Over the weekend I ran a holiday 10 mile race. I was a little concerned because I’ve been sick on and off for almost 2 months and my training hasn’t been where it should be. I was also concerned about the chilly weather and my aversion to all things cold. But I got out there with a positive attitude and some butterflies in my belly and vowed to try my best without putting too much pressure on myself.
The first half of the race was awesome. I felt great, the cold wasn’t bothering me at all, and I loved looking around at the runners dressed up in festive costumes. Then the course changed directions, and suddenly it was a different race. For the next 2 miles I fought brutal wind and felt the familiar twinges of an old hamstring injury. By the time the course changed directions again and I had the wind at my back, I was mentally drained and unsure of whether I’d be running across the finish line or crawling.
It must have been around mile 8 when I first heard my name during the silence in between songs on my iPod. “Go Roller! You can do it Roller!” I looked at the sidewalk where people I didn’t know were calling out my name and cheering me on. (It took me a second to remember that my name was printed in big bold letters on the bib pinned to my shirt.) I felt like I had my own personal cheering squad. It was just what I needed.
My feet felt a little bit lighter, and I realized I was running with a smile plastered on my face. I checked my GPS watch, and sure enough my pace had picked up. I found an upbeat song on my playlist and pumped up the volume. There was no longer any doubt about how I’d be crossing that finish line.
Before I knew it I was at mile 9 and a half. The line of spectators was growing thicker so I took off one of my headphones. I couldn’t even hear the music in one ear as onlookers clapped and cheered and clanged cow bells and hooted and hollered and yes, called out runners’ names. I rode the wave of their enthusiasm for the next half mile until I sprinted my way across the finish line.
If you’ve ever run a big race, you know that the finish line is not the end. Despite the fact that you probably want to collapse and/or puke, you have to keep walking through a secure area before you can stop and get your bearings. As you catch your breath and try to find your way to the end, volunteers hand you a medal, bottles of Gatorade and water, bananas, energy bars, and maybe even a surprise gift. Then when you reach the end of the barricades, you find your loved ones, smile for the camera, and commence the celebration of your accomplishment.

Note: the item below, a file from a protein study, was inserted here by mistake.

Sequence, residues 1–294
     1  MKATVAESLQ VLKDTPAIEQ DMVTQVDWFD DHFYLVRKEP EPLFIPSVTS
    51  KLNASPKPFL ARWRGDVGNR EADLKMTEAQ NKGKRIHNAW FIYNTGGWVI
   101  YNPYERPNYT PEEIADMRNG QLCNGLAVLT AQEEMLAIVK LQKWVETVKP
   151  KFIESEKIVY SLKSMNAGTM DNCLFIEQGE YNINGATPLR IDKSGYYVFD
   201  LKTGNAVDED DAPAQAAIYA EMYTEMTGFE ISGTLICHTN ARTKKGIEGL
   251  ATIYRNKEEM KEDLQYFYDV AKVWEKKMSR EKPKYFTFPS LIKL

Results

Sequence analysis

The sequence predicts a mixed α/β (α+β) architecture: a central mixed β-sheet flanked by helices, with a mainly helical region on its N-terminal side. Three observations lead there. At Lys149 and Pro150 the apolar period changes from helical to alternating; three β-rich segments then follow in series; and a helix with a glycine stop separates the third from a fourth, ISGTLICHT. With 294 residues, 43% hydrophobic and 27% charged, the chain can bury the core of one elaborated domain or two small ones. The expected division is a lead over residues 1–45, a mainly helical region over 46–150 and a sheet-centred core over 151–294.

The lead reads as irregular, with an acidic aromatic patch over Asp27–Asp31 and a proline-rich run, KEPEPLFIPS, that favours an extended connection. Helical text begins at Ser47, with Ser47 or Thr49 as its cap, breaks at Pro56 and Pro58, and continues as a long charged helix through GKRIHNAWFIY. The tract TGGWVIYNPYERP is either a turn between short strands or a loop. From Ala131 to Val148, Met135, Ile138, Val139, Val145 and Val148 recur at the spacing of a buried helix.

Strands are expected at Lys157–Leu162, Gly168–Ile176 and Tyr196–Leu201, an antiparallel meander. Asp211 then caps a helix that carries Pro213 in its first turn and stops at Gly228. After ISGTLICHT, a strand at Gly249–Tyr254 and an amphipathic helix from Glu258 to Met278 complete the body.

I had no loved ones greeting me at the finish line, no one snapping pictures, no one sharing the celebration of my accomplishments. But as I walked through the secure area of finishers accepting goodies in my post-race delirium, I had those personal cheerleaders. “Good job Roller! You did it Roller! You rock Roller!” I hung that medal around my neck, clutched my banana and Gatorade in one hand, and with my other hand, I high-fived those strangers who chanted my name as if I had just won an Olympic goal medal.
I truly believe that those cheerleaders were the reason I sprinted across that finish line instead of crawled. And as I walked to my car with my medal around my neck and my runners’ high wearing off, I thought about how nice it would be to have personal cheerleaders clapping and cheering by our side to get us through those hurdles in everyday life, both big and small. A million things on your to-do list? Tackle the easy ones first Roller!!! Kids throwing tantrums? Let them work it out themselves Roller!!! Questioning the direction your life is going? Follow your heart Roller!!! Yeah that would be nice.
But I guess I do have my own personal cheerleaders. They might not be chanting my name or clanging cow bells, but my friends and family are always there with encouragement when the course changes directions and I hit a brick wall. I don’t need to run a 10 mile race to know who my cheerleaders are. And for that I am incredibly grateful.